Influences of fish on food web structure and function in mountain lakes

Thomas Detmer, William M. Lewis

Research output: Contribution to journalArticlepeer-review

Abstract

Introduction of new fish species to lakes that contain fish is known to disrupt food webs, but few studies have quantified the effects of introduced fish on flow of organic matter and mechanisms governing food web structure in historically fishless lakes. Contrasting flow of organic matter and food web structure in macroinvertebrate communities in lakes with and without fish provides an opportunity to characterise resiliency of macroinvertebrate food web function when there are changes in community composition and reductions in biomass. Organic matter flow and food web structure were characterised in six lakes with and six lakes without fish at high elevation in the southern Rocky Mountains of Colorado, U.S.A. Carbon (δ 13C) and nitrogen (δ 15N) were used to determine the proportionate contribution of organic matter from primary organic matter sources (periphyton, phytoplankton, terrestrial plants) to consumers including herbivores and higher trophic levels. Contributions of organic matter sources to macroinvertebrates were combined with estimates of littoral macroinvertebrate production in quantifying the contribution of each primary source to total invertebrate production. Although introduced fish altered community composition, body size, and biomass, they did not alter contributions of the organic matter sources to production of macroinvertebrates. The dominant resources contributing to macroinvertebrate production were periphyton and phytoplankton, which combined contributed to 80% of macroinvertebrate production. Despite occupying the highest trophic position (difference in δ 15N relative to primary sources), fish did not alter trophic structure of littoral macroinvertebrate communities in maximum macroinvertebrate trophic position and community trophic position. Community trophic position weighted by production for macroinvertebrates was related to macroinvertebrate production per unit area but was independent of lake area. In lakes with fish, maximum macroinvertebrate trophic position was similar to that of lakes without fish because large predators (predaceous beetles and dragonflies) were replaced by small predators (tanypod chironomids). The present study indicates that macroinvertebrate food webs can exhibit resilience to introduced or invasive fish even when there are changes in community composition and biomass. This suggests that changes in structure (e.g. biomass, community composition) associated with introduced or invasive species do not necessarily equate to changes in food web function (e.g. flow of organic matter, maximum trophic position). Further, the present study suggests that although maximum trophic position has been shown to increase with lake size for lakes containing fish, the pattern is unlikely to extend to lakes without fish. The relationship between lake size and maximum trophic position for lakes containing fish may occur because fish have expandable niches associated with high motility and indeterminate growth, in contrast to macroinvertebrates.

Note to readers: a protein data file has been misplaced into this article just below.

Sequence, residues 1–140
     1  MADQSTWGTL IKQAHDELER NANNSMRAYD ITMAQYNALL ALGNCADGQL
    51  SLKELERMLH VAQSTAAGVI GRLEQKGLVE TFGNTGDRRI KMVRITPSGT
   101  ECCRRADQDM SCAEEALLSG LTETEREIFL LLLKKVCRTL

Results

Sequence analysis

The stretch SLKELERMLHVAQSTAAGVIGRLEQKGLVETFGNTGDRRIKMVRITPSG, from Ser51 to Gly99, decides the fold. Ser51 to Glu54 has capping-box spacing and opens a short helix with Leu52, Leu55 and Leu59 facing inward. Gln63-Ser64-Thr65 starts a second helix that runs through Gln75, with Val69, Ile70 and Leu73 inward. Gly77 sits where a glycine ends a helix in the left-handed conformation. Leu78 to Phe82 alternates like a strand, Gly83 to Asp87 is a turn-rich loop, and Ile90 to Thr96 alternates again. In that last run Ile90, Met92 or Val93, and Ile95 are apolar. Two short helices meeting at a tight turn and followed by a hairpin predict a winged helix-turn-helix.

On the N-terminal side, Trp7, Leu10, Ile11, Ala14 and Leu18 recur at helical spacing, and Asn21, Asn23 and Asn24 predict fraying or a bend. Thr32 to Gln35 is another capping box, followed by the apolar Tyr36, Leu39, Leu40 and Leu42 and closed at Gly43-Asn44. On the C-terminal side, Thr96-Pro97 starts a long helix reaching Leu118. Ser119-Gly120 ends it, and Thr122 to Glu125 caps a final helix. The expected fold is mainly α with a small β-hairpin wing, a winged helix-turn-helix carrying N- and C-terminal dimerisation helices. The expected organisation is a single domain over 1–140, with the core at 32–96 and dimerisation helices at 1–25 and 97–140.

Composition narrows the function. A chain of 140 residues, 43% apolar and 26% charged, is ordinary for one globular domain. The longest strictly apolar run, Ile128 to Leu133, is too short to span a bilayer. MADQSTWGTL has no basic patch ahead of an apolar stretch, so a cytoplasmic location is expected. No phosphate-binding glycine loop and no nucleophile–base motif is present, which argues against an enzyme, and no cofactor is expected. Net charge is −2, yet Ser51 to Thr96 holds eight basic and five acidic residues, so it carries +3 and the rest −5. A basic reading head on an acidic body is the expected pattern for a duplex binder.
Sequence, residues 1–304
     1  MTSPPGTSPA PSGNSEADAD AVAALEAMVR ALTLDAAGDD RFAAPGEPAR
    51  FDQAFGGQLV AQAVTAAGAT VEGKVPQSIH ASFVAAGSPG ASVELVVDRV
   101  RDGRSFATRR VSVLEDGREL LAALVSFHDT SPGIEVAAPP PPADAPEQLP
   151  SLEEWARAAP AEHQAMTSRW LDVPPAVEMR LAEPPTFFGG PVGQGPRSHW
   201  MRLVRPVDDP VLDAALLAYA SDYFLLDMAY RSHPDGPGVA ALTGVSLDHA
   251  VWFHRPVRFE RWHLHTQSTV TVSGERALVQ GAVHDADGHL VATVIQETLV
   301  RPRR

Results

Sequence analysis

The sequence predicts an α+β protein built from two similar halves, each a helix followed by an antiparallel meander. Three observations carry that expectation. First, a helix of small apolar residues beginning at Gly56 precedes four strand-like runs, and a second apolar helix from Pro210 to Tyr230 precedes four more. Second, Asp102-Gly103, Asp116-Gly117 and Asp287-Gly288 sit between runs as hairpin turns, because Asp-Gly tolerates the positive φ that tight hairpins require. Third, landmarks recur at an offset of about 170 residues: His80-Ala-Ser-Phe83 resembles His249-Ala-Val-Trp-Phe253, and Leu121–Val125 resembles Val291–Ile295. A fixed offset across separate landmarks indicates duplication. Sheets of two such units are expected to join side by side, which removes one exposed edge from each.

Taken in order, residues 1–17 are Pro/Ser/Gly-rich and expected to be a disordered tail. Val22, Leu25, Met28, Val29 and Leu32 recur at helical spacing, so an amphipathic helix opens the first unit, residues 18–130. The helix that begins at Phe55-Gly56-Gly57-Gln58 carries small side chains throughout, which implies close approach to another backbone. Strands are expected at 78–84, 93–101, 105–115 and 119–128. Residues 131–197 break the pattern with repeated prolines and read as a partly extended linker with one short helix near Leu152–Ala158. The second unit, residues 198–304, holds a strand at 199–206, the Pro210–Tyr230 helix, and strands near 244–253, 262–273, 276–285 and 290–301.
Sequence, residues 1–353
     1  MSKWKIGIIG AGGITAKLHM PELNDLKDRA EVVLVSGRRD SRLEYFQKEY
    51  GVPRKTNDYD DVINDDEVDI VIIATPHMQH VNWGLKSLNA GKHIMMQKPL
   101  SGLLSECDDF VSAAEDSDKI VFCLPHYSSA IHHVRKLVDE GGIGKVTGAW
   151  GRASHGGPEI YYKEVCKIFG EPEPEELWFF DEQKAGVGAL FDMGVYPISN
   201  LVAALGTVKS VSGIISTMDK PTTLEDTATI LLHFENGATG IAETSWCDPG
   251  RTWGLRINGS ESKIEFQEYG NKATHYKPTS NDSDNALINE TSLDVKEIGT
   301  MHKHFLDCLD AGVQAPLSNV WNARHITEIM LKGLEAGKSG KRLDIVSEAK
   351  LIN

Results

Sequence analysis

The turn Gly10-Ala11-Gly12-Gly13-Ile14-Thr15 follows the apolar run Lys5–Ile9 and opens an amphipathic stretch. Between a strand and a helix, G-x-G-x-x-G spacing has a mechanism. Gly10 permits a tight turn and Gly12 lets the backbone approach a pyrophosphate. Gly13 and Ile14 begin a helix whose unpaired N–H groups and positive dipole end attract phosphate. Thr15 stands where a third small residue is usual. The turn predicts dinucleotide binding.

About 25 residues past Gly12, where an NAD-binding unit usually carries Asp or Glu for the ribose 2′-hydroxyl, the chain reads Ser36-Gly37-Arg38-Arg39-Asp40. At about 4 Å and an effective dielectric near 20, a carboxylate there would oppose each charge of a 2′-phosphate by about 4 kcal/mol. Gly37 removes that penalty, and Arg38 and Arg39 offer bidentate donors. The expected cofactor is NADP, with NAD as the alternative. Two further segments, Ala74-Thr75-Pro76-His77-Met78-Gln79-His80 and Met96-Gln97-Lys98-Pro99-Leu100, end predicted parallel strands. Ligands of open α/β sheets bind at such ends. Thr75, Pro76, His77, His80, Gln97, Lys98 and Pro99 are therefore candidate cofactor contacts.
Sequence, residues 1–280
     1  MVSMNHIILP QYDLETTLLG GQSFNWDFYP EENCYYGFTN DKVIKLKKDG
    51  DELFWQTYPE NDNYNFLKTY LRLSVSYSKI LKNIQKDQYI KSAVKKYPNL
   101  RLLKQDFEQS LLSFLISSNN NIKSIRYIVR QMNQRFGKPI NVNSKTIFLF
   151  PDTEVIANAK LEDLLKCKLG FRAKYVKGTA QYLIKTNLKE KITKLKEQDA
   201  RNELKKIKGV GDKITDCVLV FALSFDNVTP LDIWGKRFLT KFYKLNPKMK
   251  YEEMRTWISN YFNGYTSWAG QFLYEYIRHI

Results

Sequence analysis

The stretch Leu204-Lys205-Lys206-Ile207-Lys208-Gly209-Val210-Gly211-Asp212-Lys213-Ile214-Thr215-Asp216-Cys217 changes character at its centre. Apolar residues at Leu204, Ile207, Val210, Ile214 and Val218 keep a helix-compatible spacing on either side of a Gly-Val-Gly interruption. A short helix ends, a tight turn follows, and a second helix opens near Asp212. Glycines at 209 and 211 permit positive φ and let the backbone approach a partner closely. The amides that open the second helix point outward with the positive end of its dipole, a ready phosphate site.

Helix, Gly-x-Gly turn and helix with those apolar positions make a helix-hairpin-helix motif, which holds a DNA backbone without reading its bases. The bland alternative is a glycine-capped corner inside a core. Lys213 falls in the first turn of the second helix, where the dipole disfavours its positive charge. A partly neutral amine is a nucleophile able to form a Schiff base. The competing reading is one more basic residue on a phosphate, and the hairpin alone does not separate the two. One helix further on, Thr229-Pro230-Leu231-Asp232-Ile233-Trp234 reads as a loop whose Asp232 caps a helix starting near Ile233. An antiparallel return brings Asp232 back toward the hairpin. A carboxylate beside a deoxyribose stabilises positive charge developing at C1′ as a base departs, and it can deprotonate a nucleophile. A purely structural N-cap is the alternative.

Original languageEnglish (US)
Pages (from-to)1572-1583
Number of pages12
JournalFreshwater Biology
Volume64
Issue number9
DOIs
StatePublished - 2019

Keywords

  • INHS
  • stable isotopes
  • introduced fish
  • organic matter
  • trophic position
  • mountain lakes

ASJC Scopus subject areas

  • Aquatic Science

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